Published Wed, 22 Jan 2014 10:00 CET by DividendYields.orgThe Polar Vortex brought eastern U.S. to a stand-still as the New Year dawned upon us. With the unprecedented cold came an unanticipated rise in electric demand amidst low temperatures. While the majority of the retail customers is cushioned from short-term price hikes in fixed contracts, the brunt of demand surge will be felt by the utilities providers as gas prices shoot up and increase the cost of production. While this was a one-time event as the arctic blast brought havoc to the eastern U.S, annual episodes of such freezing temperatures could shoot a hole in utilities companies’ earnings. This article looks at three leading utilities companies of the U.S. that offer attractive dividends and show prospect of organic growth at a time when stringent environment and renewable energy laws are on a rampant rise.
Duke Energy (NYSE: DUK) is the largest electric power company in the U.S., providing energy to approximately 7.2 million customers in Ohio, Kentucky and Indiana. Its market capitalization reflects the wide spread customer base, while its net income growth has grown by 18% on average over the past three years. That being said, the company’s recent mercury drop in mid-west will take a toll on Duke Energy if the proportion of fixed rate customers outnumber variable rate customers. While this is a variable point, it is confirmed that Duke’s energy mix is highly diversified and it will not bear the brunt of rocketing gas prices due to record-high natural gas storage withdrawals.
On the dividend front, Duke has an attractive 4.57% yield on its current price, while year-on-year growth has been less than impressive due to worsened margins in the previous year. Over the preceding year, the company’s net income remained stable and did not grow at all; hence, the stagnation in dividend growth is understandable. In the last fiscal year, Duke’s payout ratio was above 100%, which is bittersweet for investors since it means that the company is showing commitment to its shareholders by rewarding them in difficult times. However, the continued payout ratio above 100% suggests revenue trouble and cost escalation.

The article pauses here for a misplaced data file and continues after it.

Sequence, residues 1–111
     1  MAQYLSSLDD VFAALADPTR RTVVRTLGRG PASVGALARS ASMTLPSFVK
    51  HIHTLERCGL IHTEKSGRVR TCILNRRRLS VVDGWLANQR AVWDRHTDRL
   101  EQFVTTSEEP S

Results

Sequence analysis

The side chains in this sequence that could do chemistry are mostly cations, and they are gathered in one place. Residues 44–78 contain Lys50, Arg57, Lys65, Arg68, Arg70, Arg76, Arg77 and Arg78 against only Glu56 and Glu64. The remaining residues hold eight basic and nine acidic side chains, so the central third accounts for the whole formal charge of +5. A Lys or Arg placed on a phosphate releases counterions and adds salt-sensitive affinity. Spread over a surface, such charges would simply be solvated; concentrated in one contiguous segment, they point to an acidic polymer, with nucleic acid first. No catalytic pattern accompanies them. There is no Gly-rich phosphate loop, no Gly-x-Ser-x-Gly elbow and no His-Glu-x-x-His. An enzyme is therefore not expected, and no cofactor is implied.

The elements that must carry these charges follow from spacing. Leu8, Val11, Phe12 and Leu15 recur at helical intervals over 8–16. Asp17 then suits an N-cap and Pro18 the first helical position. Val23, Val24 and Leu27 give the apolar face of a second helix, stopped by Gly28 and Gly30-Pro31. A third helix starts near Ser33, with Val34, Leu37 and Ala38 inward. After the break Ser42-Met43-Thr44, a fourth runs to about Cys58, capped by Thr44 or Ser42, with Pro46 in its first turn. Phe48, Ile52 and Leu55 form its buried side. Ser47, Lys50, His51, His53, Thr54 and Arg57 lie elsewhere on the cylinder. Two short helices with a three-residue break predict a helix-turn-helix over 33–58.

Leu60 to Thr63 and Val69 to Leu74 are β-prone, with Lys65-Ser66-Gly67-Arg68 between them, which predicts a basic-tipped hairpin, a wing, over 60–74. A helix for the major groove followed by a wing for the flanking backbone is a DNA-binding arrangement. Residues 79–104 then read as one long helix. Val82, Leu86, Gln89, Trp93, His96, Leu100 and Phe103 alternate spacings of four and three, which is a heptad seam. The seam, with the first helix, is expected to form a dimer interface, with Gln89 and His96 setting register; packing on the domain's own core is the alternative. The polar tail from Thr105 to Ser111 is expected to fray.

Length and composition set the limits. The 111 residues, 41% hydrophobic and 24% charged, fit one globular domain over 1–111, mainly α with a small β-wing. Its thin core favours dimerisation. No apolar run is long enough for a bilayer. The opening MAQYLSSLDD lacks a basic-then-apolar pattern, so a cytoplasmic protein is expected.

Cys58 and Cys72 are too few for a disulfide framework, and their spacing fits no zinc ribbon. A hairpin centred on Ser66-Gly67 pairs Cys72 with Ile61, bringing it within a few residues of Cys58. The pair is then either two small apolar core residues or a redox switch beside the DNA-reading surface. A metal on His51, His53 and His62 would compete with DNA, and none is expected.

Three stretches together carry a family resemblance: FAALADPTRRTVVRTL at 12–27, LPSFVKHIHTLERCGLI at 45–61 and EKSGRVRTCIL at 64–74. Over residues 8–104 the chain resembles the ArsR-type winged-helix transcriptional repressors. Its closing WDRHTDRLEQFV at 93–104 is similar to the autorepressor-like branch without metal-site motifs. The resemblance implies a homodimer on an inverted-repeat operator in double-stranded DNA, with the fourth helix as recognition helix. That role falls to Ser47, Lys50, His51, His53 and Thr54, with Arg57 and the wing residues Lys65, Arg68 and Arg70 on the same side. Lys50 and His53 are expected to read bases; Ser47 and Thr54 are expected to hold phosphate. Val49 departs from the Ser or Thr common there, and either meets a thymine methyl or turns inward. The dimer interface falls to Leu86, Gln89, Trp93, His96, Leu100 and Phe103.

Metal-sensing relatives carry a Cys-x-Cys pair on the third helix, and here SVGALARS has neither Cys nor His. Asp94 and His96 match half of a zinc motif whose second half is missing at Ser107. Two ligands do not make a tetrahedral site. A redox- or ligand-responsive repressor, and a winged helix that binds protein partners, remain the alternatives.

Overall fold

|Dividend Growth (Yr. on Yr.)
|Net Income Growth (3 Yr Avg)
Dominion Resources (NYSE: D) is the only company to have a negative net income growth over the past three years while still adding a 7.5% growth on its dividend over the past year. The company’s payout ratio is a staggering 370.2%, showing signs of grave financial trouble looming over the company. Unless Dominion Resources can generate additional income, the company will not be in a position to continue churning out such large dividend increases and payout ratios. Following such a course will not only be unsustainable, but will also put the company’s long-term future in doubt. Instead, investment in highly productive projects will be a more appropriate use of the company’s money. Expect yield, growth and payout ratio to decline significantly over the next years, unless the company pulls out a marvel to stem the loss. Currently, the company is offering a dividend yield of 3.39%. Moreover, the company has been increasing its dividends for the past 10 years at a dividend growth rate of 7.6%, while given its growth prospect it is most likely that the company will continue to increase the dividends at a moderate pace.
Valuation and Stock Performance
After going through the dividend breakdown and net income growth over the past three years, it is only logical to look at the valuations the stocks currently offer. Unsurprisingly, Dominion Resources is at the bottom of the list, as it struggles with income and has a large cost outlay. The company’s P/E ratio is a staggering 61.0, while Duke Energy and Southern Co. have their ratios standing at 20.1 and 22.4, respectively.
The company plans to invest $5.8-$6.2 billion in its gas transmission business through 2018. Furthermore, new power generation projects in Warren and Brunswick County will add 1385 Megawatt to its already 23500 MW generation capacity. While the utilities sector has underperformed the market average of the S&P 500, Dominion Resources has outstripped the Dow Jones Utility Average Index and consequently, its competition too.
Gauging from the market expectations and current price trends, it becomes obvious that the polar vortex is expected to have a negative effect on the utilities companies’ fortunes rather than fill up their coffers. It is also safe to assume that most of the customers from the Mid-West to the East Coast are in short-term fixed utilities contracts, ranging from a minimum of 3 months or a maximum 36 months.
Either way, it makes sense why Dominion Resources has such a large payout ratio when its growth prospects are ventured in. The company wants to retain its investor base and as a form of incentive, continues to pay the high dividend while undergoing work on its project sites nears completion. Duke Energy and Southern do not have future prospects, yield or dividend growth that mirror their competitor.